Skin Color Politics, African Diaspora and Latinos in America and Latin America: Denouncement of Ethnic Identity[SERIES]--PART I
The application of melanin-concentrated chemical creams that strips away color, and otherwise whitens, lightens, brightens or bleaches skin, is a emerging process that's often marketed to remove blemishes or abnormally high pigmentation such as birthmarks and moles but, historically and continuously, these creams are used for the overall whitening of dark skin tones in Africa, the Middle East, Asia, South America, and even in the United States. The desire to eradicate "unflattering" parts of one's ancestory begins with altering one's skin color for many dark-skinned men and women.
Sammy Sosa, an ex-baseball star who belonged to the Chicago Cubs for the bulk of his career, had an extensive career that included a team-record of 545 home runs and three seasons of 60-plus homers. The Dominican ex-slugger was one of the most recognizable names in baseball when he made an appearance at the 2009 Latin Grammys in Las Vegas. His usual medium-to-dark skin tone was suddenly a pasty alabaster, and he smiled as if he'd just won the World Series.
Originally thought to have a skin condition, the athlete's pigmentation shocked fans, spectators, commentators, dermatologists, media outlets, and just about anyone with eyes to see his transformation. In fact, NESN commented on Sosa's ghost-like appearance, calling him "downright vampiric." Sosa admitted to the longtime use of a cosmetic "skin cream" in collaboration with bright TV lights, which helped to make him appear whiter than he is.
"It's a bleaching cream that I apply before going to bed and whitens my skin some," said the ex-Cubs slugger in a 2009 interview with "Primer Impacto," a program of the Univision Spanish Network. "It's a cream that I have, that I use to soften [my skin], but has bleached me some. I'm not a racist, I live my life happily."
Sosa's startling appearance made the public revisit images of Michael Jackson, whose skin tone became much lighter after years spent in the public eye with darker skin. While Jackson claimed that he was diagnosed with a rare non-contagious skin disorder called vitiligo, which causes the depigmentation of parts of the skin, many speculated that his color change was due to skin bleaching to appear European, much like his decisions to undergo rhinoplasty. Jackson's sister, Latoya, was also accused of keeping crates of Porcelana in her home, "hoarding it as the most valuable beauty product ever produced," according to some sources.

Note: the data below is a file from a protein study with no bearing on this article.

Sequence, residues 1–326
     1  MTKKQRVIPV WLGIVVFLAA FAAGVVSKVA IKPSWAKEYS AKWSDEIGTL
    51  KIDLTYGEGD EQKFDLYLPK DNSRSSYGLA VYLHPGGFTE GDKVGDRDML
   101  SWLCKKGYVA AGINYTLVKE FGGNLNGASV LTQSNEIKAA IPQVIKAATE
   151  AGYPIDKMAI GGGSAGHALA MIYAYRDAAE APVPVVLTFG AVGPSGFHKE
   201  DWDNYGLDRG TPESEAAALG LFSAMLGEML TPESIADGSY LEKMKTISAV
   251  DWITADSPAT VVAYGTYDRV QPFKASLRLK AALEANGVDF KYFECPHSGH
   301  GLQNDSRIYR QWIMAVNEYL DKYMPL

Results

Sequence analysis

"It's ridiculous, man! Chemical peels and all of it. And I don't understand it. But he obviously didn't want to be black...You see his kids?" Quincy Jones once stated about Jackson in an interview with Details.
Mercury, niacinamide, alpha hydroxy acids, cinnamomum subavenium, azelaic acid and a number of other chemical, proteins, acids and extracts have been used to change the tone of skin. The process itself is not only problematic, but it promotes the idea of self-hate, colorism, and denouncement of ethnic identity. However, many others state that the process of altering one's skin color is similar to recreational surgical enhancements such as rhinoplasty, and others state that the act of skin coloring falls in line with straightening or bleaching one's hair in order to appear more mainstream. The question then becomes: how much is too much? When is someone making simple cosmestic changes, and when are they surgically/chemically denouncing their ethnic identity?
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